Coldstream Burns Club Ladies Night

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Coldstream Burns Club held its annual Ladies Night Supper last Saturday in the British Legion Club.

As usual it was extremely well attended and an appreciative audience enjoyed an excellent meal and an evening of first class entertainment.

The club is once again indebted to Jim and Sheila Cockburn and the British Legion volunteers without whom an evening of such quality would not be possible.

Rob Smith in the chair for the umpteenth time remarked that the evening was becoming a victim of its own success with tickets, as in recent years, again at a premium. Following the ‘Selkirk Grace’ from the Rev David Taverner the proceedings got off to an impressive start with the arrival of the haggis piped in by Pipe Major Rob Bell and carried high by Jim Watson. The address was given by young David Cockburn, which he carried out with great gusto, setting the tone for the rest of the night.

The principal guest for the evening was Ronnie Fleming, a past president of Kelso Burns Club and well known amongst Coldstream members. Ronnie delivered an amusing yet historically enthralling Immortal Memory. He talked about Burns’ Border tour and linked his knowledge of the bard’s life story in with that of Sir Walter Scott, wrapping it up in an ‘easy to listen to’ speech which received a deserved standing ovation.

The lament which followed, played adeptly as usual by Rob Bell, rounded off nicely this initial part of the evening.

Proceedings were soon underway again with a foot tapping performance by an instrumental trio comprising Pat and Scott Turnbull on penny whistle and guitar respectively, along with young Cheryl Foreman on fiddle. Their melodic contribution to the evening’s entertainment was highly appreciated with all three showing confident musicianship which would grace any stage.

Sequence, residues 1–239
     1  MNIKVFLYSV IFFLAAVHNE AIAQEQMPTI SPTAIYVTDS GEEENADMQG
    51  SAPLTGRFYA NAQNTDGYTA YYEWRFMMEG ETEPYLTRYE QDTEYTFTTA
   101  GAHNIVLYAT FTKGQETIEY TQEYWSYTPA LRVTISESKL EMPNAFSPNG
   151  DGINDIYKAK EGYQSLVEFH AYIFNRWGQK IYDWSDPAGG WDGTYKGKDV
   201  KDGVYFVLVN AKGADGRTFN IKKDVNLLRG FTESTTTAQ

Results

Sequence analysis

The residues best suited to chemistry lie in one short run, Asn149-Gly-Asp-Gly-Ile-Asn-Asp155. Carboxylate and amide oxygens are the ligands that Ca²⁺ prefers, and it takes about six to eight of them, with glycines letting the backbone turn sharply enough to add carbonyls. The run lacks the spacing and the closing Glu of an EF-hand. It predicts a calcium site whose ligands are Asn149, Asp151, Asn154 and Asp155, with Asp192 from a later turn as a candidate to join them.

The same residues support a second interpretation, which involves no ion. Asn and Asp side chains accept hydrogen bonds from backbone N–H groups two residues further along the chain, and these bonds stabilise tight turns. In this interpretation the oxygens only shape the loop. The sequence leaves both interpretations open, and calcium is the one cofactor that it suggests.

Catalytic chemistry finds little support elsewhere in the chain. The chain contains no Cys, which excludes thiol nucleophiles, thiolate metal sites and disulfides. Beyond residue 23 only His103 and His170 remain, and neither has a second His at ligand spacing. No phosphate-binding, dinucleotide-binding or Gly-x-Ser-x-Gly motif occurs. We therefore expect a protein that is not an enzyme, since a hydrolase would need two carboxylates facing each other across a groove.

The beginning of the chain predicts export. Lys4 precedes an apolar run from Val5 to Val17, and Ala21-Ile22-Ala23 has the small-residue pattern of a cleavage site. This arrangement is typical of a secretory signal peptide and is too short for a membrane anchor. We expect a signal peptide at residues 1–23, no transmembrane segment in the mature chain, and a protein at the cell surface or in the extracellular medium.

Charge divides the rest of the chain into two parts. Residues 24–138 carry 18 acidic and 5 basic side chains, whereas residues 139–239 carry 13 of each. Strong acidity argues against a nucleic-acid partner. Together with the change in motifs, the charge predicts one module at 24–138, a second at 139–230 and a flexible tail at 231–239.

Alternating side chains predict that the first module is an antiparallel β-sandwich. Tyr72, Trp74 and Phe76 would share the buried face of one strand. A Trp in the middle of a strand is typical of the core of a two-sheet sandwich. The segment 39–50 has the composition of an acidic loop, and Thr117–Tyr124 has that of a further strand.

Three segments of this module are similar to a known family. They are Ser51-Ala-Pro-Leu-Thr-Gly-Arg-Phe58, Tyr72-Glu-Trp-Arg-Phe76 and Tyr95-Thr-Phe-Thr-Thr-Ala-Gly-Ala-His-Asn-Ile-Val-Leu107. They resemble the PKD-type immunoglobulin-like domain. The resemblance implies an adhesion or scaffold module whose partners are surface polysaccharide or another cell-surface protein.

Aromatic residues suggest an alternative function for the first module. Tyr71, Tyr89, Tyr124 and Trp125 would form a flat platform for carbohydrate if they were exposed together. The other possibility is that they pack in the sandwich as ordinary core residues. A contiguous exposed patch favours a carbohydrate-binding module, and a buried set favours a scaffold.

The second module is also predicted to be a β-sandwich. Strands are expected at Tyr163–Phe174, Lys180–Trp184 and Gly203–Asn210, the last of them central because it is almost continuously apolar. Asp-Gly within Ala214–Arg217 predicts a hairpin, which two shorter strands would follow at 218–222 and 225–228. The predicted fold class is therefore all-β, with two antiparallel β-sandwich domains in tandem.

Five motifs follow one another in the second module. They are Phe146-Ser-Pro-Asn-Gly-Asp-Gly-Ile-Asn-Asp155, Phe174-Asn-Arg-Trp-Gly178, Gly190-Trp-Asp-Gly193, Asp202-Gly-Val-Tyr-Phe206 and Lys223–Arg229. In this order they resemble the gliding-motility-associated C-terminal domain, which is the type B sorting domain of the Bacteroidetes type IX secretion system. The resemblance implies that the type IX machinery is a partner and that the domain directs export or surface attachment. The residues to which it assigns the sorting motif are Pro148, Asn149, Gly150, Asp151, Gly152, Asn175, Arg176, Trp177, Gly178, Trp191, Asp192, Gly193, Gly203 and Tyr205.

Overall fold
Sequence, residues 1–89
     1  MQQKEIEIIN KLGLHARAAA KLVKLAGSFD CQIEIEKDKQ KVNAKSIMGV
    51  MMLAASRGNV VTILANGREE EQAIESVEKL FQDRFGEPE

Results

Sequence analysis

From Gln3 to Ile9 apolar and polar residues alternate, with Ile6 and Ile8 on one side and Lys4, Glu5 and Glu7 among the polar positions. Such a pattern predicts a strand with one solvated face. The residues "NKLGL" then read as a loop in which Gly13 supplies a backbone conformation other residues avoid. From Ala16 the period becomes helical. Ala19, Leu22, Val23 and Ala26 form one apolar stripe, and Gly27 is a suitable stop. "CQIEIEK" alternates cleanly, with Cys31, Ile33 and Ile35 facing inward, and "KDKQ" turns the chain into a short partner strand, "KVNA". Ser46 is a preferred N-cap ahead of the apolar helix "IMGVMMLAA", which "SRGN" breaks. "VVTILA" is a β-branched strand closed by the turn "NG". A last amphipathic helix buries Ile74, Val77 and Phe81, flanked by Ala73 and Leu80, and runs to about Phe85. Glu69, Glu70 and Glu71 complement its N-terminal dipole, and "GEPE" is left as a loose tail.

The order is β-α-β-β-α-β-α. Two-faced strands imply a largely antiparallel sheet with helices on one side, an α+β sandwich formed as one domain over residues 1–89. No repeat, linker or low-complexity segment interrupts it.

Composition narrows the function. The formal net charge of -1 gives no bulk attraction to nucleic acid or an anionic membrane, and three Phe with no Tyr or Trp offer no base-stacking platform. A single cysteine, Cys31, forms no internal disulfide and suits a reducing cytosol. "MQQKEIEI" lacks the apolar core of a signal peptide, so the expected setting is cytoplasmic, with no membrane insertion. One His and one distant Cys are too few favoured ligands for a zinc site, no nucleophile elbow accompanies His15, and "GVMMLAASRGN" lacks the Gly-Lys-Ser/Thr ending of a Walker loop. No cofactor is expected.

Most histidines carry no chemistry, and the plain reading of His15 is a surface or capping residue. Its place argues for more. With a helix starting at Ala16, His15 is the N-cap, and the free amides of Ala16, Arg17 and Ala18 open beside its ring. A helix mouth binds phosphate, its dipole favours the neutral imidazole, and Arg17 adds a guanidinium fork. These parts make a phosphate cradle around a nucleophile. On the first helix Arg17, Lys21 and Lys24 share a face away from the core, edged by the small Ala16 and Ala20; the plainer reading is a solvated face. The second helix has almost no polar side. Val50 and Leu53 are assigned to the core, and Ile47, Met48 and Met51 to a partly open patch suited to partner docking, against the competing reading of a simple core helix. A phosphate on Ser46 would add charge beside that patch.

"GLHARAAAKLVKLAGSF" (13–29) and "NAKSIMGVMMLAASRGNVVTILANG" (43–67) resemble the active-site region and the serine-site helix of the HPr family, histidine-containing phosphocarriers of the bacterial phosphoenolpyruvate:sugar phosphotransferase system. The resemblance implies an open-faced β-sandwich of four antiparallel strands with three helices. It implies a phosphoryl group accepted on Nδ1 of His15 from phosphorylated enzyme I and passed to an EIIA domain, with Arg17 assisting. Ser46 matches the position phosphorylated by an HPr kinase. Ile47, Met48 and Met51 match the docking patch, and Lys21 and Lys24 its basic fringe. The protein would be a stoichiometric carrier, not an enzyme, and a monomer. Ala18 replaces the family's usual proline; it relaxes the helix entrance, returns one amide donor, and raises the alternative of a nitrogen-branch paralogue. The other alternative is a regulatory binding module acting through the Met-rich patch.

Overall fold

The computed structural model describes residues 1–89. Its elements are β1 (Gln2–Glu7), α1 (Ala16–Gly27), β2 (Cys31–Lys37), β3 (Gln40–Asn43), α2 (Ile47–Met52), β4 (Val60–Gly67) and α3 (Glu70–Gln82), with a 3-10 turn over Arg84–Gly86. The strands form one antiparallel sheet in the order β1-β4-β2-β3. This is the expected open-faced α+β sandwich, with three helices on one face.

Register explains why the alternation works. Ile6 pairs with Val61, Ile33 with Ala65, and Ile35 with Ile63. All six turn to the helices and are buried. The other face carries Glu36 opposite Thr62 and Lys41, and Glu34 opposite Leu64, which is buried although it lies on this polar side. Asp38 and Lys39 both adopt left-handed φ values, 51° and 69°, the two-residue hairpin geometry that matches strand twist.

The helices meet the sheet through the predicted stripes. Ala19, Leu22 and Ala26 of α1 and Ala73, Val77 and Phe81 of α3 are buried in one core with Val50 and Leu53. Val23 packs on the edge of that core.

Lizzie Bell maintained the high standard with singing of superb quality. Her first number was beautifully sung without accompaniment and was followed by rapturous applause. Later in the evening she accompanied herself on piano, just to show her musical talent extends beyond singing.

Ian Buick, that consummate Burnsian, then delivered a word perfect, audience involving, not to mention atmospheric performance of ‘Tam o’Shanter’. Ian has performed exceptionally on many occasions at Coldstream and audience expectations are always high when he steps up. He did not disappoint on Saturday as evidenced by the applause.

The toast to the Lasses was delivered by David Anderson who had clearly put a great deal of effort into his hilarious and insightful speech. His acutely observed remarks on female traits had the company in stitches. Not to be outdone, wife Carole responded just as humorously on behalf of the lasses giving as good as she got and identifying just as many male traits. Both speakers drew a deserved ovation.

With Rob Cockburn also reciting, the audience had two of the best local reciters to entertain them. Rob performed the lesser known ‘Epistle to a young friend’ but its unfamiliarity to the audience did not detract from the quality of Rob’s recitation which was done with great feeling and rightly applauded.

Kenny Hilsley completed the musical contributions to the evening. Despite the fact that he lives in Dumfriesshire, Kenny has become a fixture at Coldstream Burns Club Suppers in recent years. On the evidence of Saturday night it is easy to see why, with a singing and guitar playing style all of his own which catches the imagination. He puts everything into the numbers he performs and his version of ‘The deil’s awa wi’ the exciseman’ is a particular audience favourite. Their reaction said it all.

Throughout the evening the audience had played their part, not only by giving the artistes the best of order but also by joining in the communal songs in wholehearted fashion. Piano accompaniment for these numbers was provided in a first class manner by Margaret Gudgeon, mother of Lizzie Bell - truly a musically talented family!

Rob Smith thanked all those who had made a contribution to the evening’s proceedings expressing the view that it had been one of the best Ladies Night’s in his experience with excellent speeches, a friendly atmosphere, a great audience, entertained by wholly local talent of the highest quality.

The evening drew to a close with vice chairman Fred Mitchell giving the vote of thanks to chairman Rob Smith for another excellent evening’s work followed by the assembled company joining the artistes in the traditional singing of ‘Auld Lang Syne’.